"When my editor bought my first book I asked her what made her buy it. She chuckled and said that it was an 'adult' romance and had some meat. She said she gets far too many manuscripts that are sweet in a 'young adult' way. Sweet doesn't mean the romance is shot because a lot of the romance and tension comes from the wanting, not the actual act itself. It's the lingering gazes, it's that he loves the sound of her voice and how that makes him feel when she walks into a room, it's the way he protectively places his hand at the small of her back as they move through a crowd, etc. And all that builds up to what is acceptable in a sweet romance: kissing and embracing.
"In my latest manuscript, I had the build up to the kiss and the actual kiss last about four pages." (Author's note: Zow!) "Obviously they weren't in a lip lock for four pages..." (Author's note: Oh.) "...but there was an emotional build up, and a lot of the things I talked about above."
A typical rule in sweet and/or inspirational romances is "nothing below the shoulders", or, "shut the door, don't let the reader into the bedroom". In my book, the hero and heroine never actually make love, but there's loads of attraction. In this scene, my heroine has snuck into the hero's hospital room in the wee hours. He's still perfectly healthy; he hasn't donated the kidney yet. In a sensual romance, they probably would have gotten nekkid. Obviously, in this one, they can't. Here's an excerpt:
Her voice dropped until it was practically inaudible. "I wanted to please you."In a sensual romance, it would be the easiest thing in the world to have these two make love at this point: they've declared their love, they're frightened at what lies ahead, they've only got each other.
In a sweet romance, you've got to show the love without necessarily showing the lovemaking. Tricky? Sure. Rewarding? You bet. As an author of sensual as well as sweet, I admit I'll sometimes take the lazy way out and throw my hero and heroine into bed. It eats up a few pages and keeps the reader's interest. With a sweet romance, you've got to try harder, and as such, I think the end result is stronger.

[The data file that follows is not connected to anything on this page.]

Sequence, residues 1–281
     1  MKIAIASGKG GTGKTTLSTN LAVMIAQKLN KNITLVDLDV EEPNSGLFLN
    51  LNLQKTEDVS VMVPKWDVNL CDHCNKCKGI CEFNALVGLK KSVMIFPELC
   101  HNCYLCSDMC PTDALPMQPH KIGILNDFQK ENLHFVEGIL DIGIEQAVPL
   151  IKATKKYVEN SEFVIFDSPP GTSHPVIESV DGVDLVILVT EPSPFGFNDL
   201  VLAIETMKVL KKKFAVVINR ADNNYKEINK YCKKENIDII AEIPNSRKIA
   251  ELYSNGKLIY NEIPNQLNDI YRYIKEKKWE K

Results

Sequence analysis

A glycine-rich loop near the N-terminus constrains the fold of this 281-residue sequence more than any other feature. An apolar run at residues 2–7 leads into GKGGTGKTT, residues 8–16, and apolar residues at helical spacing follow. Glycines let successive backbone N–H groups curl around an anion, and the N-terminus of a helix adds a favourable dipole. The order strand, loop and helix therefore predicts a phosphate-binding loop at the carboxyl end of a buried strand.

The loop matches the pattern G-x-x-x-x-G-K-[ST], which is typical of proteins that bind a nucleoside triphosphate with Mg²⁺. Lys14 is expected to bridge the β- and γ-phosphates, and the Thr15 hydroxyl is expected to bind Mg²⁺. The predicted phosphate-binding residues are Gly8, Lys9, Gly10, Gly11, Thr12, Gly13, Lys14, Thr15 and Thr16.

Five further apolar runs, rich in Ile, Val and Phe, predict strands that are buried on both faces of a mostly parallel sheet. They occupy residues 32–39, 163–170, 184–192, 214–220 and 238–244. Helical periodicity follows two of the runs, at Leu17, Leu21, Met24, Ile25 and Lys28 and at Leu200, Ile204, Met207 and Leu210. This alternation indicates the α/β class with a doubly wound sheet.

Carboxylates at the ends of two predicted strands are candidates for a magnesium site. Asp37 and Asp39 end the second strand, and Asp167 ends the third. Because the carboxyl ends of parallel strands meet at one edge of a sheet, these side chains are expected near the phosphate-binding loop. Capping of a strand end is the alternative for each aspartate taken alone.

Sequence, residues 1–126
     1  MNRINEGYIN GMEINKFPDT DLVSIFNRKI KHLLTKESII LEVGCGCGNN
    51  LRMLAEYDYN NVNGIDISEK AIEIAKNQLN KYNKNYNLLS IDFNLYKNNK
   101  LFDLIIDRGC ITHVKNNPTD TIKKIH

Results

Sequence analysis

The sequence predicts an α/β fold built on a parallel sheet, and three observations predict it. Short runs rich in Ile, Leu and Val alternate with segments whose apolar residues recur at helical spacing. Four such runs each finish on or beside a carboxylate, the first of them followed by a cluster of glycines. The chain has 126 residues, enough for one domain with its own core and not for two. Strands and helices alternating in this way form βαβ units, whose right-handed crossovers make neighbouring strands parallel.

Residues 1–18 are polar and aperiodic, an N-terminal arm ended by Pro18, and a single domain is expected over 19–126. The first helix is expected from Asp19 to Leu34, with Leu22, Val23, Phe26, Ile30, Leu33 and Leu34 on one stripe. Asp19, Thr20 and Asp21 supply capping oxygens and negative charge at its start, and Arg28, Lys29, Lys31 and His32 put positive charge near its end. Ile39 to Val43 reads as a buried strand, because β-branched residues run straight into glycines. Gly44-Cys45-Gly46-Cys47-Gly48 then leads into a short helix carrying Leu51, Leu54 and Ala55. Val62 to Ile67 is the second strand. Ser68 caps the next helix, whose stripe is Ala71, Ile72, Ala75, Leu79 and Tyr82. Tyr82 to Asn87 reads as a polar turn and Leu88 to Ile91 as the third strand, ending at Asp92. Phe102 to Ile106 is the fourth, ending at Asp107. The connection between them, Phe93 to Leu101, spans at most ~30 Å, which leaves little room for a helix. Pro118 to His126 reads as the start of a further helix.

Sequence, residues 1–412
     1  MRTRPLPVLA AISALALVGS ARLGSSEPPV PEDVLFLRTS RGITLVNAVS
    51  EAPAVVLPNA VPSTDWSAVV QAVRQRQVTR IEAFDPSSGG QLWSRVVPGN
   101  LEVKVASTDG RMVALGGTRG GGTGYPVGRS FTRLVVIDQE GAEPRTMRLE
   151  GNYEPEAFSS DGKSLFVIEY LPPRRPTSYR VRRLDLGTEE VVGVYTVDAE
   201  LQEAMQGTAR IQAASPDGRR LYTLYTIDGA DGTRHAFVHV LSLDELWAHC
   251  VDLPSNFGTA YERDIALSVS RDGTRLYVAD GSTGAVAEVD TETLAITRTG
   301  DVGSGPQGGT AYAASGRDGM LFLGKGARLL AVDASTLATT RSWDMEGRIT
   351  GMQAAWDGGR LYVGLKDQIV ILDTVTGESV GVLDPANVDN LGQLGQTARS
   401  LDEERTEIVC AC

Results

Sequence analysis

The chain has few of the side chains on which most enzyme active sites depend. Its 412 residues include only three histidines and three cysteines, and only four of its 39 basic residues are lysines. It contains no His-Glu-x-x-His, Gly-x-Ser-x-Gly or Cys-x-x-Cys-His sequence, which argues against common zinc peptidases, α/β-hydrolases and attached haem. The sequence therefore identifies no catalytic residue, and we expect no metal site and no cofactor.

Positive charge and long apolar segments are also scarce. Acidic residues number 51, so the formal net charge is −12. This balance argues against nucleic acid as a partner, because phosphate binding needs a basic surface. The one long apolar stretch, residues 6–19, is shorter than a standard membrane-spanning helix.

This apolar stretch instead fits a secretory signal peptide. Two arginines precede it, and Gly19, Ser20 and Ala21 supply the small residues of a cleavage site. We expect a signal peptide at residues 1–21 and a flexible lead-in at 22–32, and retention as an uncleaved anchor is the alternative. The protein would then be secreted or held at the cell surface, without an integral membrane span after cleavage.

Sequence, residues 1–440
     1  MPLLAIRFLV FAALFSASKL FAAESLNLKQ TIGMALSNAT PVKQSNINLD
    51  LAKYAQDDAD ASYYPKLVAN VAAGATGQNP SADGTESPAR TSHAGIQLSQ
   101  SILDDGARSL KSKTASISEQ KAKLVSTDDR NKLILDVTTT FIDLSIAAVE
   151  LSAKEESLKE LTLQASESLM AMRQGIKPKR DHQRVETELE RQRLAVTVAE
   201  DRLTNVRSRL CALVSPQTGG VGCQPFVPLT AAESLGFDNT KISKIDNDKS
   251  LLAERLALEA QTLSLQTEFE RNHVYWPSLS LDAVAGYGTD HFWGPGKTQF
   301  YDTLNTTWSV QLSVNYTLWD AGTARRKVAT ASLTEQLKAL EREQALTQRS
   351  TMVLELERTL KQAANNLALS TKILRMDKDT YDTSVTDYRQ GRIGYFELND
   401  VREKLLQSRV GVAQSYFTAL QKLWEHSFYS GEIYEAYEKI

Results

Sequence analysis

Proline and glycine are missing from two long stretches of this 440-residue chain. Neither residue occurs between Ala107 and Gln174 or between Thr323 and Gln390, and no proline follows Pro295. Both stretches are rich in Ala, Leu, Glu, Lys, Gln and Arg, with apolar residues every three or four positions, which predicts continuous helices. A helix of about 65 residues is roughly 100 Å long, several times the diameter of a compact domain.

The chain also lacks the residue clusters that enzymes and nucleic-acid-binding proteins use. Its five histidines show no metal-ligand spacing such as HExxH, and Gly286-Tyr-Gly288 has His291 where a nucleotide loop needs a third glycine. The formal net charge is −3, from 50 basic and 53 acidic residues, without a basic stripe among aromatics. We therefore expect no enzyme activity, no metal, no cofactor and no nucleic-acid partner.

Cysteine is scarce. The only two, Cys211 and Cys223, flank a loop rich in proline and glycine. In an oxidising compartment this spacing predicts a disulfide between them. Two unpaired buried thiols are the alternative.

So put your hero and heroine in situations where they'd like to have wild monkey sex, but can't. Or have one (or both) of them be morally opposed to pre-marital sex. Or have them have wild monkey sex, but don't explain it, or describe it. But finally, probably the best advice so far, freelancer Katie Gustafsson offers this:
"If you want to keep the 'heat' going, then you probably are writing for the wrong publication. The writer has to choose the best market for her writing interests and skills. Jackie Collins wouldn't be published yet if she'd been trying to sell her racy novels to Mills and Boons!"
Which brings us back to the basic rule of writing, one I think is more important than write what you know.
Write from your heart. Don't pull a book out of yourself that you don't like, don't feel comfortable writing, dislike working on. Write what feels right. But, of course, write.
Excerpt: from Too Good to be True, by Janice Pohl. REUNIONS novella collection, Barbour Publishing, http://www.barbourbooks.com
This article may not be reprinted without the author's written permission.
MaryJanice Davidson is the author of numerous romance books, including Undead and Unwed. Her novella Love's Prisoner (Secrets 6) was the 2000 winner of the Sapphire Award for excellence in Science Fiction Romance. The day job is Operations Manager at a brokerage firm. In the evenings she slaves over a hot take-out menu for her husband, two children, and dog. Visit her website at http://www.maryjanicedavidson.net/.